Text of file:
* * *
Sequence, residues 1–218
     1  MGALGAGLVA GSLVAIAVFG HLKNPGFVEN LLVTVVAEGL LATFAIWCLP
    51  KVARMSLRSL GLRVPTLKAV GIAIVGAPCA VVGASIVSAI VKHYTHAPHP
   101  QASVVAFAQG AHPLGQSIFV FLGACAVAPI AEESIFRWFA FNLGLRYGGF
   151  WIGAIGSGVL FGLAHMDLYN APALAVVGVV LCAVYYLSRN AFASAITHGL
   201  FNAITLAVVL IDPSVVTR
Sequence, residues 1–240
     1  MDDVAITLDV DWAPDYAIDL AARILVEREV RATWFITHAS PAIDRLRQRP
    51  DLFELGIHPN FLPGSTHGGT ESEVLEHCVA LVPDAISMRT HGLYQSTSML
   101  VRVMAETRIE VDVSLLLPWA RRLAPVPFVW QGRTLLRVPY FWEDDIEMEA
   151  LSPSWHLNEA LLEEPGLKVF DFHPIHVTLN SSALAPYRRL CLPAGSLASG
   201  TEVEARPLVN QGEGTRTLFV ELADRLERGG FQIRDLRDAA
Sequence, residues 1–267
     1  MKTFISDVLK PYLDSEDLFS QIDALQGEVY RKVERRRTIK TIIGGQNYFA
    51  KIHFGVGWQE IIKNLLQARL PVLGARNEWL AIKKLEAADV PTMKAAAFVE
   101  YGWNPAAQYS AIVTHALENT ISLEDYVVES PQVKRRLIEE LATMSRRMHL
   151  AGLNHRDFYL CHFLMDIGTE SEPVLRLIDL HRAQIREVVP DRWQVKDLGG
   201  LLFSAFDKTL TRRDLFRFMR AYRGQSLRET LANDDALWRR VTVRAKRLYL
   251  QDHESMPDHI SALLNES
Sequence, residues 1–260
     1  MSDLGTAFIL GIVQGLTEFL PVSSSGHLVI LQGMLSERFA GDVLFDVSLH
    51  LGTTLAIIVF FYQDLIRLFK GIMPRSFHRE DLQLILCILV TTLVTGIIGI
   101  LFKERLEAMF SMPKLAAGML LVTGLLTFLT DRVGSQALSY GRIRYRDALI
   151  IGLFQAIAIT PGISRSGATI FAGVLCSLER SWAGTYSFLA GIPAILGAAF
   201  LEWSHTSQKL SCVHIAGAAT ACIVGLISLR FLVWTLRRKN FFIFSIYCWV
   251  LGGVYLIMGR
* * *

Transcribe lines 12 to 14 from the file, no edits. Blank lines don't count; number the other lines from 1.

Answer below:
   201  TEVEARPLVN QGEGTRTLFV ELADRLERGG FQIRDLRDAA
Sequence, residues 1–267
     1  MKTFISDVLK PYLDSEDLFS QIDALQGEVY RKVERRRTIK TIIGGQNYFA